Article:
book this film is based—battle an army of Taliban fighters. Peter Berg shoots action with a visceral viciousness, taking some visual cues from first person shooters like Call of Duty. Lone Survivor will please the action-heads out there, but it takes the home movies before the end credits to remind audiences these soldiers were actual husbands and fathers. l THE MONUMENTS MEN (PG-13) George Clooney films usually do pretty well come awards season, so it is surprising to see his latest pushed back to February, especially considering its all-star cast of superstars, Oscar winners and supporting stalwarts. The Monuments Men retells the true story of the WWII platoon that saved art from the Nazis. Clooney co-wrote, directed and stars alongside Matt Damon, Bill Murray, John Goodman, Jean Dujardin, Bob Balaban, Hugh Bonneville and Cate Blanchett. NEBRASKA (R) See Movie Pick. (Ciné) THE NUT JOB (PG) The latest animated feature pits a curmudgeonly squirrel named (a bit on the nose) Surly (v. Will Arnett) against the city. When he finds Maury’s Nut Store, he may just have found the way to alleviate his and the rest of his park community’s winter worries. Brendan Fraser, Liam Neeson and Katherine Heigl are the next three biggest names in the voice cast. Will this movie capture its family audience without a big name like Disney or DreamWorks behind it? THE OSCAR NOMINATED SHORT FILMS 2014 The Oscar-nominated Live Action and Animated Shorts Programs return to Ciné. This year’s animated nominees are “Feral,” “Get a Horse!,” “Mr. Hublot,” “Possessions” and “Room on the Broom.” The Live Action Short Film nominees are “That Wasn’t Me,” “Just Before Losing Everything,” “Helium,” “Do I Have to Take Care of Everything” and “The Voorman Problem.” The Documentary Short Film nominees are “Cavedigger,” “Facing Fear,” “The Lady in Number 6,” “Karama Has No Walls” and “Prison Terminal.” Finding out the winner on Oscar night is a whole lot more fun when you’ve seen the nominees. (Ciné) RIDE ALONG (PG-13) Buddy cop action comedies can do worse than star Kevin Hart; alternately, they can do better than Ice Cube. In Ride Along, Ben Barber (Hart), a security guard with aspirations to be a cop, spends a day with his girlfriend’s super cop brother, James Payton (Cube), in hopes of impressing him and earning his blessing. First Payton punks Ben; then they run into the big gun of ATL crime, scary gang leader Omar (Laurence Fishburne). The basic blueprint of this movie was written by Shane Black in the late ‘80s, and Lethal Weapon will always be better than its jokier progeny. If you cannot see the plot “twist” coming, you have not watched enough buddy cop flicks.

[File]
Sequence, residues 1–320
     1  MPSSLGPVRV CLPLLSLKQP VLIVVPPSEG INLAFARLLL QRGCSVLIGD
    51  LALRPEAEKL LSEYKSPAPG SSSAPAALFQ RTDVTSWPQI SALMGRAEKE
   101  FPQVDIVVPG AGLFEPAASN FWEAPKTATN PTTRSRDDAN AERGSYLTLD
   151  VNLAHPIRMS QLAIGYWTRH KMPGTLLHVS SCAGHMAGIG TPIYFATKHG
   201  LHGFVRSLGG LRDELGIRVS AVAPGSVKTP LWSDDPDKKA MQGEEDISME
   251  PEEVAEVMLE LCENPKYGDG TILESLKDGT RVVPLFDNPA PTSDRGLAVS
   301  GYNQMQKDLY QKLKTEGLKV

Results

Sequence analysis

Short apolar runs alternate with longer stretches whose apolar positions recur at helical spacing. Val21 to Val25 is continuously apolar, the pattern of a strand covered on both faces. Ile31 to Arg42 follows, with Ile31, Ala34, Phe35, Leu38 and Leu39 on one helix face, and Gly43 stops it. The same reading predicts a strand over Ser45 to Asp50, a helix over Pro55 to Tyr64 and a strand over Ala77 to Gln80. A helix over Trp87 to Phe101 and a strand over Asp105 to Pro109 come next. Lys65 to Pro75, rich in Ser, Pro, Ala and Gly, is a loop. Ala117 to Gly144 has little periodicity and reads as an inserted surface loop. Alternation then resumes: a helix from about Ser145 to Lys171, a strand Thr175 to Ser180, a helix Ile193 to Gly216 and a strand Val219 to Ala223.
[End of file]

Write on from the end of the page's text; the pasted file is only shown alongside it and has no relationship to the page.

C I NEMAS Movie showtimes are not available by our deadline. Please check cinema websites for accurate information. CINÉ • 234 W. Hancock Ave. • 706-353-3343 • www.athenscine.com GEORGIA MUSEUM OF ART • (UGA Campus) 90 Carlton St. • 706-542-GMOA • www.uga.edu/gamuseum/calendar/films.html TATE STUDENT CENTER • (UGA Campus) 45 Baxter St. • 706-542-6396 • www.union.uga.edu/movies Beechwood Stadium cinemas 11 • 196 Alps Rd. • 706-546-1011 • www.georgiatheatrecompany.com Carmike 12 • 1570 Lexington Rd. • 706-354-0016 • www.carmike.com Georgia Square value cinemas 5 • 3710 Atlanta Hwy. • 706-548-3426 • www.georgiatheatrecompany.com UNIVERSITY 16 cinemas • 1793 Oconee Connector • 706-355-9122 • www.georgiatheatrecompany.com
SAVING MR. BANKS (PG-13) P.L. Travers (Emma Thompson) meets with Walt Disney (Tom Hanks) himself during the negotiations for and the filming of her classic Mary Poppins. Apparently, the whole story was about her difficult Australian childhood and her own dad, who served as the inspiration for Mr. Banks. Director John Lee Hancock last helmed The Blind Side. It looks like heâ€™s got another crowd pleasing hit on his hands. 12 YEARS A SLAVE (R) The very real, very powerful 12 Years a Slave recounts the devastatingly true account of Solomon Northup (Academy Award nominee Chiwetel Ejiofor), a free man kidnapped and sold into slavery. Solomonâ€™s woeful tale occurred to many other free blacks; his is just one of the few that ended happily. Shame director Steve McQueen certainly